IRS not ready to detect Obamacare fraud

Back in July, HHS delayed the implementation of anti-fraud measures that were designed to keep cheats from gaining the system to receive subsidies and insurance for which they weren't eligible.

Great news for fraudsters. Bad news for taxpayers.

Now, a Treasury Department IG report says that the IRS has the sophisticated programs in place to accurately determine the amount of subsidy for each taxpayer, but is falling far short in developing anti-fraud systems.


The ACA Program has not yet completed a fraud mitigation strategy," the report said. "It is important for the IRS to thoroughly consider fraud threats and risks that could impact new ACA systems."

The IRS said it was addressing the issues identified in the TIGTA audit, which was completed in July. The White House referred questions to the IRS.

Acting IRS Commissioner Danny Werfel said the IRS was prepared to administer the credits.

"The IRS has a strong, effective system in place for administering the Premium Tax Credit," Werfel said. "We have a proven track record of safely and securely transmitting federal tax information, and we have a robust and secure process in place to deliver this important credit for taxpayers."

Since the Affordable Care Act exchanges went live on Oct. 1, tech issues have plagued the website, embarrassing the Obama administration and the Health and Human Services Department.

Soon, the IRS could find itself in the hot seat, too. The agency is charged with distributing the Obamacare tax credits starting in January and also with assessing penalties for not holding insurance.

So far, the agency has avoided negative attention.

Lower-income taxpayers who purchase insurance on the exchanges can qualify for tax breaks that help them pay for insurance premiums - refundable tax credits that can be claimed at the end of each coverage year on a taxpayer's return.

Alternatively, Americans can estimate their incomes for the upcoming year and have an estimated tax credit paid in advance directly to their health insurance providers. Those are supposed to be reconciled the following year, depending on whether the person makes more or less than what he or she estimated.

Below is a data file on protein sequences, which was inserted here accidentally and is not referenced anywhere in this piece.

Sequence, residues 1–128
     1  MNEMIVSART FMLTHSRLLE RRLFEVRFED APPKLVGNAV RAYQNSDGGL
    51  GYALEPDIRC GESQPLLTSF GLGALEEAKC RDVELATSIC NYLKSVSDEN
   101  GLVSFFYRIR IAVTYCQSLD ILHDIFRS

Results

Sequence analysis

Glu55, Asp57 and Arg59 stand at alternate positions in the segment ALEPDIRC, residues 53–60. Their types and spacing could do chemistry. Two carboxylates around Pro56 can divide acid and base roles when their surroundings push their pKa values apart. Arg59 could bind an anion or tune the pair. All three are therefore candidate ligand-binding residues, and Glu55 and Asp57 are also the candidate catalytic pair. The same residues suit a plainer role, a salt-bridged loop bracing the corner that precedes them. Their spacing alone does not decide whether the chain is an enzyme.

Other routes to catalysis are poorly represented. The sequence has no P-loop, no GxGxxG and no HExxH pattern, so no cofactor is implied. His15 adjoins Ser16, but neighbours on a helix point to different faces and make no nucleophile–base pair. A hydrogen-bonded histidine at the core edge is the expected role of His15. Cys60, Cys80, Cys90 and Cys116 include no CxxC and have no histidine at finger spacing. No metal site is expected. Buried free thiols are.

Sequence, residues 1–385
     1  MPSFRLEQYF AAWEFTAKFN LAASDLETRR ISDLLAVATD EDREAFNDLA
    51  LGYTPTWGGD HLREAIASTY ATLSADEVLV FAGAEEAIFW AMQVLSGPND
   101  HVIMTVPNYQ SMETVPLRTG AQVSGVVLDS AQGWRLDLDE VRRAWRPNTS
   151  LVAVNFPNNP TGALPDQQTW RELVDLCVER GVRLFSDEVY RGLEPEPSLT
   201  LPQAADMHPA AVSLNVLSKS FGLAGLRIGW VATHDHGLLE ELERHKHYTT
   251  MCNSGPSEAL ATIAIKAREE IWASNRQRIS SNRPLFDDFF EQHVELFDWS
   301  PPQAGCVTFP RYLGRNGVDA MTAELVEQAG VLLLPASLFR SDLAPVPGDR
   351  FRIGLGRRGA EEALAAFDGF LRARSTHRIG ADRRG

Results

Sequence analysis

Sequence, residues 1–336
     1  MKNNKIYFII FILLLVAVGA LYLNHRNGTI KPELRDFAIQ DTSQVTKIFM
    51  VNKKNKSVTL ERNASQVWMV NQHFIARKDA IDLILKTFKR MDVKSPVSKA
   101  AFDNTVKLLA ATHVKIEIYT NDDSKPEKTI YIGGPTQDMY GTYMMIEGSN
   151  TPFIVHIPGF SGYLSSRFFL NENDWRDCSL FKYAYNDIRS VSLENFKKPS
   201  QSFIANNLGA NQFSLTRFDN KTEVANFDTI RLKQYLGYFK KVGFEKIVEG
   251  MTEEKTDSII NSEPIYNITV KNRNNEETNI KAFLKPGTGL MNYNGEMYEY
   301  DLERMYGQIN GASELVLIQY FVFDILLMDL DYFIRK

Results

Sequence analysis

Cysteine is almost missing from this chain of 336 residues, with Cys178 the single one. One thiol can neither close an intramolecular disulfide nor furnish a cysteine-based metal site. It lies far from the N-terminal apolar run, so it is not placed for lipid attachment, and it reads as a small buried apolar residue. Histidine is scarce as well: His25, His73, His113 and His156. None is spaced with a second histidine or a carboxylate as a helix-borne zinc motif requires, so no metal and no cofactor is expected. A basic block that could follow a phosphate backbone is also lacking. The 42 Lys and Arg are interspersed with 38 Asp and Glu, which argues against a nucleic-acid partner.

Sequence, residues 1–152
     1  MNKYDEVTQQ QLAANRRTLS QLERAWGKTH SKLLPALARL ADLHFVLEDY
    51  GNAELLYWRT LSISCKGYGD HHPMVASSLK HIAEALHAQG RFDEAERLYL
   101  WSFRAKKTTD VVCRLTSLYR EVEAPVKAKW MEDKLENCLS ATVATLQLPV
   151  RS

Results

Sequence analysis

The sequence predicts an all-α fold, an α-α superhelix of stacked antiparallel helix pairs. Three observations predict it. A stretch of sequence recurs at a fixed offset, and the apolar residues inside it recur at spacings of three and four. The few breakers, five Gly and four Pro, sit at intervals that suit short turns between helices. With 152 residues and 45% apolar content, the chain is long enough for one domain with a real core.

The IRS's task of distributing health insurance credits has made many Republicans uneasy - particularly because other refundable tax credits administered by the IRS have high fraud rates.

Top Finance Committee Republican Orrin Hatch (Utah) has been one of the most outspoken critics of IRS capabilities to administer the ACA credits, and on Tuesday he called the refundable credits a "fraudster's dream come true."

"The very nature of these credits - pay first, verify a person's income later - will lead to potentially hundreds of billions of dollars of improper payments and could put millions of Americans' personal information at risk," Hatch said.

History shows that if it's easy to game the system, Americans will take advantage. The level of fraud in programs like SNAP (food stamps), and Medicaid is mind blowing. Some estimates go as high as 10%.

The reason for this is simple; there is no incentive to protect the taxpayer's money. Expediency is more important than preventing rip offs. Federal investigators find only a tiny amount of the fraud committed against the taxpayer because they just aren't looking very hard.

There are two ways to rip off the taxpayer in Obamacare; lying about income in order to receive a bigger subsidy and lying about having "qualifying insurance" from work - insurance plans that meet Obamacare's mandated coverages - in order to get a better plan on the exchange with a subsidy. As it stands now, the IRS, HHS - no government agency - has the ability to detect this fraud.

I'm not sure Senator Hatch isn't overstating the case when he talks about "hundreds of billions" in fraud. That presupposes that the vast majority of Americans are crooks. There will  be a couple of hundred billion in subsidy payments, so his claim is more exaggeration than real.

But what's almost certain to happen is that billions of taxpayer dollars will be sent to undeserving fraudsters. And this will be true even when the IRS sets up their anti-fraud program. As Robert Kerr, senior director of government relations at the National Association of Enrolled Agents told Politico:

"Refundable credits are fraught with fraud peril. "Lots of money goes out the door, and IRS generally cannot determine in advance whether the taxpayer is truly eligible."

This will be even more true in 2014.

If you experience technical problems, please write to